Bonuses, which was one of the main motivational factors in 2001, quickly disappeared from the list as the totals awarded to staff reduced or disappeared altogether. In fact, bonuses regularly featured as one of the most dissatisfying aspects for respondents.

Employees admitted they craved a pat on the back and the recognition of their success at hitting sales figures or exceeding expectations in 2001 and 2006. However, more recently employees would much rather maintain their job security instead of using a compliment to strive them on during their working week.

Two of the mainstay satisfaction factors over the last decade have been belief in present products and relationship with manager. Although the motivation to sell certain products and help people as a result may have gone in the 2009 survey, the innovation, development and efficacy of products produced and manufactured within the industry still brings a level of pride and satisfaction to the majority of respondents. Also, employees are appreciating the new methods of management which have been introduced recently – which has also seen company culture enter the top five motivational factors alongside autonomy and additional responsibilities in the most recent satisfaction ratings.

First impressions

One of the most eagerly awaited outcomes of the survey is the perceived Employer of Choice. Asking respondents to choose the medical sales company who they perceive to be the most desirable to work for it has been Boehringer Ingelheim and Roche that have dominated the top two spots since 2006.

The pair have cemented their position in recent years but it was a different story as the decade began. A year after GlaxoSmithKline was formed through the merger of Glaxo Wellcome and SmithKline Beecham in 2000, it was quickly voted the most desirable company to work for (see figure 2) with pharma giant Pfizer in second place and Merck Sharp & Dohme – now known as MSD in the UK – in third. But as the decade progressed, all three would be conspicuous by their absence. Despite Boehringer Ingelheim taking all the plaudits for being the top rated company for the past three years – something Drew Owenson, Managing Director, puts down to “treating all of our employees as individuals, listening to their new ideas and giving as much support as possible to enable them to be successful” – it’s Eli Lilly which has maintained its reputation within the industry by being selected in the top three companies since 2003.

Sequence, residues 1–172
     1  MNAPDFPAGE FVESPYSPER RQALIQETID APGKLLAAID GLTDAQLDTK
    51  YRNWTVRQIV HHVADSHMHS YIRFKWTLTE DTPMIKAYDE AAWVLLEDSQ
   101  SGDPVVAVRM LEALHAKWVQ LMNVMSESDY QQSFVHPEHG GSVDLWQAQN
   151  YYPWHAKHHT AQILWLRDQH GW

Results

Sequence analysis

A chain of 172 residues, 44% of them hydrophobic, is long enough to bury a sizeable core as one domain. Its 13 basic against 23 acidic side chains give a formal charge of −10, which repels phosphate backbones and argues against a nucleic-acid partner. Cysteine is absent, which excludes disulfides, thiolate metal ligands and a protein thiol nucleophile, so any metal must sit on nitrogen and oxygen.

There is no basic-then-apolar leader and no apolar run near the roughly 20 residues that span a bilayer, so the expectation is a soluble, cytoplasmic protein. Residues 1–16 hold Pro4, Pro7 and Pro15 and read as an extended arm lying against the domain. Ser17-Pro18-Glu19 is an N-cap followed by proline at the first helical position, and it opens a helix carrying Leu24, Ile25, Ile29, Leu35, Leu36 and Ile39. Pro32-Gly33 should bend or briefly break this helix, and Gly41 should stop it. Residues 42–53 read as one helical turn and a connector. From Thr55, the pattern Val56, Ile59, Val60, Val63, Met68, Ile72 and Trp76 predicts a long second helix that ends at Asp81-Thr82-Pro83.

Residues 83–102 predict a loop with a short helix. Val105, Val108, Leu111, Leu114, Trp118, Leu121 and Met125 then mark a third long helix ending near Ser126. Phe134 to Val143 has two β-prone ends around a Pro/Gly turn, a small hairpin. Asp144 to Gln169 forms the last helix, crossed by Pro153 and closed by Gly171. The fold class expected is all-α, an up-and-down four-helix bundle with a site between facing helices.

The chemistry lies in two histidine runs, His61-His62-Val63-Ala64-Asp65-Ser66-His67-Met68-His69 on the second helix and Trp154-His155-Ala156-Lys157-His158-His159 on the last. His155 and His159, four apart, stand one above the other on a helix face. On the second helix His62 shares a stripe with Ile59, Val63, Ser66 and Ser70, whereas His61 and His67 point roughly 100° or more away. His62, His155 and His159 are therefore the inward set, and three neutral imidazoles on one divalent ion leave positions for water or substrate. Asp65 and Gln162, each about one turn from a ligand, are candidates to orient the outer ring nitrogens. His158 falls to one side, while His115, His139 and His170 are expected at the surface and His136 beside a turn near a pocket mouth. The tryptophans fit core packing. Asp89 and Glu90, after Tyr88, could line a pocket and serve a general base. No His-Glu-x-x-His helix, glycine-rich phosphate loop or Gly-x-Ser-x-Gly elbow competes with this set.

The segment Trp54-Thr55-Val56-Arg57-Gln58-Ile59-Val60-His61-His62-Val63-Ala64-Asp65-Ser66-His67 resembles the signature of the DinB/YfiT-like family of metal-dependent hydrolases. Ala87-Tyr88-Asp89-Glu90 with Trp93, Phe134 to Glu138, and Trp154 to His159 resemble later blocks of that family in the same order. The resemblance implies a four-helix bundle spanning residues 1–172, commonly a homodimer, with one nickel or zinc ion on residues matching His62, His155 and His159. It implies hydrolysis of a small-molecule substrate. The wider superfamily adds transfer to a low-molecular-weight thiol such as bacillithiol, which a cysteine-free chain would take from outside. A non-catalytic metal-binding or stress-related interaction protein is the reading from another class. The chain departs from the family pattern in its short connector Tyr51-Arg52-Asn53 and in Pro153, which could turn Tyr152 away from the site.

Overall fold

Changing roles

As pharma has adapted to be commercially and financially attractive to customers through the last decade the various strategies which have been introduced by companies has also been reflected in the survey (see figure 3). The number of respondents who said they were in a Primary Care role dropped from more than one in five in 2002 to 11% in 2009. Over the same period the amount of people in Primary and Secondary Care positions also fell from 55% to 39%. As more companies adopted a Key Account Management approach the number of positions increased to one in ten in last year’s survey. One position which has stayed stable is that of the First-line Manager which has constantly been on or around the 10% mark.

One of the most significant changes in the Survey has been the number of experienced members of staff which are no longer in the industry. Whether through retirement or redundancy the percentage of respondents with more than eight years’ experience was 41% in 2002. The number peaked in 2008 when two-thirds said they had a number of years’ experience in pharma. However, as companies heavily reduced their workforces as a result of the recession the number of experienced staff members fell to just 13% a year later – an all time low.


What next?

The 2011 survey, based on UK sales professionals’ perception of the industry in 2010, is released this month with responses welcomed until April. The results will be published and analysed in July’s issue of Pf. Taking a maximum of just 15 minutes of your time, for each completed survey form 25p will be donated to a registered charity. Further information can be found online at www.pharmafield.co.uk/survey. Don’t delay, have your say in 2011!